Tuesday, July 13, 2010

Jazz On A Summer's Day: 1958

from Alan Kurtz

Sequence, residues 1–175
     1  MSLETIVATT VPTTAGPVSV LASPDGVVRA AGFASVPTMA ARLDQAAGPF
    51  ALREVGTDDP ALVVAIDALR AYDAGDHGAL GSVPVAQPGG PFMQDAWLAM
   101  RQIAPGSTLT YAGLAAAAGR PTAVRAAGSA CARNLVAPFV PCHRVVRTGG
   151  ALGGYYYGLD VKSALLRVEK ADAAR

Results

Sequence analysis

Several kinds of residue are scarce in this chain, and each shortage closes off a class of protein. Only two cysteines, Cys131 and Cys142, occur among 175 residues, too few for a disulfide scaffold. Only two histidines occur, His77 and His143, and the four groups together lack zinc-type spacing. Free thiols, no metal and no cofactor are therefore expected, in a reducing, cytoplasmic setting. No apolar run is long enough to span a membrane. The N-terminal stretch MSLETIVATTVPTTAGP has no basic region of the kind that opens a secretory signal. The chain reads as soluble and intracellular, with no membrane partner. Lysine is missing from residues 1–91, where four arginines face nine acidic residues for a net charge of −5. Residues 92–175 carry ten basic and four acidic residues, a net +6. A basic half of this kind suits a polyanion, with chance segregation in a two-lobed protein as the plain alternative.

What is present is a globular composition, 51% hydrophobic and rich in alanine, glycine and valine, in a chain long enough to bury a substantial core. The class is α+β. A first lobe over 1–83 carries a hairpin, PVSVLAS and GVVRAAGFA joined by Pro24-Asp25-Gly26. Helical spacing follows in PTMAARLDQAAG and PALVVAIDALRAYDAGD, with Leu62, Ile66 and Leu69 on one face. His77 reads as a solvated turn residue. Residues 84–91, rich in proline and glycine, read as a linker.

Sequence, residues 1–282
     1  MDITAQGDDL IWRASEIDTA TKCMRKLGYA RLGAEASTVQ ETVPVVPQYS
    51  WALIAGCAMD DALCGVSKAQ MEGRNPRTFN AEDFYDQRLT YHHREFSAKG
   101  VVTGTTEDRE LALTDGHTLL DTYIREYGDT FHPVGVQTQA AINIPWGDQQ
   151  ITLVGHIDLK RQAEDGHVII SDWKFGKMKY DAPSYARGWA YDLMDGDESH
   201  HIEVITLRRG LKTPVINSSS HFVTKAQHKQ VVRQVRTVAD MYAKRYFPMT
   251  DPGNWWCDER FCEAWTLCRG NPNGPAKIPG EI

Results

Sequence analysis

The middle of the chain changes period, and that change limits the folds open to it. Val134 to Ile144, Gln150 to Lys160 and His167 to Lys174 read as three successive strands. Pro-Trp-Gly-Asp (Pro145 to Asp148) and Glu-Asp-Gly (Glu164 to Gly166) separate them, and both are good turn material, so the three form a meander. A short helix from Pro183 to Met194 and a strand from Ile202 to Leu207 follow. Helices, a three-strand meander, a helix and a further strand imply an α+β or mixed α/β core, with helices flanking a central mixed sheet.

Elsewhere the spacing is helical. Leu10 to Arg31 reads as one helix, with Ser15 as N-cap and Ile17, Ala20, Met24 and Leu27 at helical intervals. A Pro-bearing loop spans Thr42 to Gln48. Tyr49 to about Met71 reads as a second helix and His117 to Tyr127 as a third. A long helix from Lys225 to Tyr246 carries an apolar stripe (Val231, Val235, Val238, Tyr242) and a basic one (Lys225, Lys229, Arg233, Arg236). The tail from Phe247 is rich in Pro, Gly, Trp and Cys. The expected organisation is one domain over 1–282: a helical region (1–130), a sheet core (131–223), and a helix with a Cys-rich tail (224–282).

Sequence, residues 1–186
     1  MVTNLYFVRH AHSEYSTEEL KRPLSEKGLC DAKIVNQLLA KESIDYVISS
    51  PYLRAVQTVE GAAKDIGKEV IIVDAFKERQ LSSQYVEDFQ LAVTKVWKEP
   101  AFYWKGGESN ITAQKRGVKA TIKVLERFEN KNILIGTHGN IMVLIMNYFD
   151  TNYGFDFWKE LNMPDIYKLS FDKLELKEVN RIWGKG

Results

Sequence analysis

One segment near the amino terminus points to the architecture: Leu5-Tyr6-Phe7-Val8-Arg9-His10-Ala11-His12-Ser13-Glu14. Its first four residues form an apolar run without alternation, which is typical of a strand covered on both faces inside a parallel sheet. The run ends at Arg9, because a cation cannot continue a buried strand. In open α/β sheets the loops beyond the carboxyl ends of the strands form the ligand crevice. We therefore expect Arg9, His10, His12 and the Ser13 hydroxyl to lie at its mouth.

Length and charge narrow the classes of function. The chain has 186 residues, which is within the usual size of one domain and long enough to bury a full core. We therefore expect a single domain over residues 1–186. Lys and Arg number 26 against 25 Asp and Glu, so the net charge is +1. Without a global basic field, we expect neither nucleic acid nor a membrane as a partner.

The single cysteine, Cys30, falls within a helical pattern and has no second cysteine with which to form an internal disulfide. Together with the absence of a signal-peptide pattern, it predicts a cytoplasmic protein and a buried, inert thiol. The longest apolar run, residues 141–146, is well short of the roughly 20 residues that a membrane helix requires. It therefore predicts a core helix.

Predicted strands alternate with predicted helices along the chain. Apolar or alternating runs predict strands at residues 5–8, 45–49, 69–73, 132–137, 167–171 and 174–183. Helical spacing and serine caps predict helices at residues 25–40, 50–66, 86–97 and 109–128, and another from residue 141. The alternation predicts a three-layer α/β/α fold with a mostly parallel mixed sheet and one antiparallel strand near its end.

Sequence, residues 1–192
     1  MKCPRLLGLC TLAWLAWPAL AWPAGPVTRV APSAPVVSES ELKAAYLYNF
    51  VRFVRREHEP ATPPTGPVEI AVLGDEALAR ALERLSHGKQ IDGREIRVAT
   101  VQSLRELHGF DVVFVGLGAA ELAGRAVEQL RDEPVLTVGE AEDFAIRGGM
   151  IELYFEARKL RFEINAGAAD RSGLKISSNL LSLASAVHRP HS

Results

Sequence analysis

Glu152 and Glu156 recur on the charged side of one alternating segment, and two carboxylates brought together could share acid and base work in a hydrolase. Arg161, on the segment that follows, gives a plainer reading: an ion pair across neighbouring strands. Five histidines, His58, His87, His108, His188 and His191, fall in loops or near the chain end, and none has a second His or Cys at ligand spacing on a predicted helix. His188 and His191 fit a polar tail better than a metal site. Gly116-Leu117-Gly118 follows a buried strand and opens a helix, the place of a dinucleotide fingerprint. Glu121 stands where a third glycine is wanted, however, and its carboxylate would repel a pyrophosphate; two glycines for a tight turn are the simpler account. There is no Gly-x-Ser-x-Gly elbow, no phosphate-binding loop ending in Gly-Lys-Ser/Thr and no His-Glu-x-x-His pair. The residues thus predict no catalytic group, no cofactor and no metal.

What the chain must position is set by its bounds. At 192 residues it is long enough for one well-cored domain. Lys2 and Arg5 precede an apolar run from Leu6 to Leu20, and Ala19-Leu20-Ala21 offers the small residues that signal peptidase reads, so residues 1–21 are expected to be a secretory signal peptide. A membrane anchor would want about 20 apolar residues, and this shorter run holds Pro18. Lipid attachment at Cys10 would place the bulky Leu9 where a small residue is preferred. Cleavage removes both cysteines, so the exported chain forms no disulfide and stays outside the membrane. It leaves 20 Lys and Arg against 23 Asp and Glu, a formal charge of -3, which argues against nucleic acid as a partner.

Looking like a grande dame in Vogue, singing like a dame outa Down Beat, Anita O'Day walked away with Jazz on a Summer's Day (1960). The documentary of 1958's Newport Jazz Festival should have been called Jazz on a Summer's O'Day."I was scheduled for 5 o'clock in the afternoon," Miss O'Day recounts in her autobiography, "and I asked myself what to wear. 'It's teatime,' I told the Italian lady who ran a dress shop in Greenwich Village. She brought out this black dress, trimmed with white. We both knew it was right, but I asked what I could wear on my head. She went into the back room and came out with a black cartwheel, trimmed with white feathers. Both went with my see-through, plastic pumps and for a fun touch I added short white gloves."After flicking mud from an earlier rain off her shoe, a tightly hemmed Anita wriggled on stage and squinted at the crowd. "Performing in the afternoon was a bonus," she recalled, "because I could see the audience. I spotted Chris Connor out there." Like O'Day, Connor had served a stretch as Stan Kenton's vocalist. "That was good," Anita thought, "because I can make my performance the way I want it to be when I know some of the audience digs what I'm doing and I can relate to them." She related with what amounts to a clinic on jazz singing, in particular wowing the crowd with her up-tempo take on the 1925 chestnut "Tea for Two." Blazing through the lyrics, Anita treats both melody and rhythm to a complete makeover, exercising the unbridled flair of an interior decorator given carte blanche by a client with deep pockets. Following a short piano solo, Anita switches to scat, trading fours with Poole's wire-brushed drums. To conclude, Anita amuses the audience by exchanging wordless quotes with her trio from "Flip Top," a favorite '50s TV jingle. "You get a lot to like with a Marlboro," the original assured. "Filter, flavor, flip-top box." In those halcyon days, cigarette jingles were considered harmless fun. Fifty years later, coffin-nail jingles are thankfully a thing of the past. Anita O'Day, though, is as much fun as ever.

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